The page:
Fishery

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Salmon spawn in a salmon fishery within the Becharof Wilderness in Southwest Alaska. Becharof Wilderness Salmon.jpg
Salmon spawn in a salmon fishery within the Becharof Wilderness in Southwest Alaska.

Generally, a fishery is an entity engaged in raising or harvesting fish which is determined by some authority to be a fishery. [1] According to the FAO, a fishery is typically defined in terms of the "people involved, species or type of fish, area of water or seabed, method of fishing, class of boats, purpose of the activities or a combination of the foregoing features". [2] The definition often includes a combination of fish and fishers in a region, the latter fishing for similar species with similar gear types. [3]

Fish vertebrate animal that lives in water and (typically) has gills

Fish are gill-bearing aquatic craniate animals that lack limbs with digits. They form a sister group to the tunicates, together forming the olfactores. Included in this definition are the living hagfish, lampreys, and cartilaginous and bony fish as well as various extinct related groups. Tetrapods emerged within lobe-finned fishes, so cladistically they are fish as well. However, traditionally fish are rendered paraphyletic by excluding the tetrapods. Because in this manner the term "fish" is defined negatively as a paraphyletic group, it is not considered a formal taxonomic grouping in systematic biology, unless it is used in the cladistic sense, including tetrapods. The traditional term pisces is considered a typological, but not a phylogenetic classification.

Fisherman Someone who captures fish and other animals from a body of water, or gathers shellfish

A fisherman or fisher is someone who captures fish and other animals from a body of water, or gathers shellfish.

Contents

A fishery may involve the capture of wild fish or raising fish through fish farming or aquaculture. [2] [4] Directly or indirectly, the livelihood of over 500 million people in developing countries depends on fisheries and aquaculture. Overfishing, including the taking of fish beyond sustainable levels, is reducing fish stocks and employment in many world regions. [5] [6] A report by Prince Charles' International Sustainability Unit, the New York-based Environmental Defence Fund and 50in10 published in July 2014 estimated global fisheries were adding $270 billion a year to global GDP, but by full implementation of sustainable fishing, that figure could rise by as much as $50 billion. [7]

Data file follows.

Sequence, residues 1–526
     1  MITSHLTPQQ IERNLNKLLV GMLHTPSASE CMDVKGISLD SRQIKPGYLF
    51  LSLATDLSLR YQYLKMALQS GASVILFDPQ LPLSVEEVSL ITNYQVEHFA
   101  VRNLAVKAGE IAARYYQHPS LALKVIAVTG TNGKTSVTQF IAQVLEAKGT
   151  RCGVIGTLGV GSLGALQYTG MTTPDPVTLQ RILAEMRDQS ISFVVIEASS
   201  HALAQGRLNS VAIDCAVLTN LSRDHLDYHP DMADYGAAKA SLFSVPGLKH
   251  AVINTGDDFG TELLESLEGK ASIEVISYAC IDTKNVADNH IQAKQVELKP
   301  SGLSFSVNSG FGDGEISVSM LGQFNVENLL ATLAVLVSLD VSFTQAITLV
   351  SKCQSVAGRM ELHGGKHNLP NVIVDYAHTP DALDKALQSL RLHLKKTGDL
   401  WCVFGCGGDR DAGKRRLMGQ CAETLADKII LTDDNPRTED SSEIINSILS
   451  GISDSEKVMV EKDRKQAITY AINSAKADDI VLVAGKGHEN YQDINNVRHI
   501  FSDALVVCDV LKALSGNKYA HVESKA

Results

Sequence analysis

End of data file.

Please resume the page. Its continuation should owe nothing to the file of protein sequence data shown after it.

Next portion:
Aquaculture Farming of aquatic organisms

Aquaculture, also known as aquafarming, is the farming of fish, crustaceans, molluscs, aquatic plants, algae, and other organisms. Aquaculture involves cultivating freshwater and saltwater populations under controlled conditions, and can be contrasted with commercial fishing, which is the harvesting of wild fish. Mariculture refers to aquaculture practiced in marine environments and in underwater habitats.

Overfishing the act whereby fish stocks are depleted to unacceptable levels, regardless of water body size

Overfishing is the removal of a species of fish from a body of water at a rate that the species cannot replenish in time, resulting in those species either becoming depleted or very underpopulated in that given area. Overfishing has spread all over the globe and has been present for centuries.

Fish stock

Fish stocks are subpopulations of a particular species of fish, for which intrinsic parameters are traditionally regarded as the significant factors determining the stock's population dynamics, while extrinsic factors are traditionally ignored.

The term fish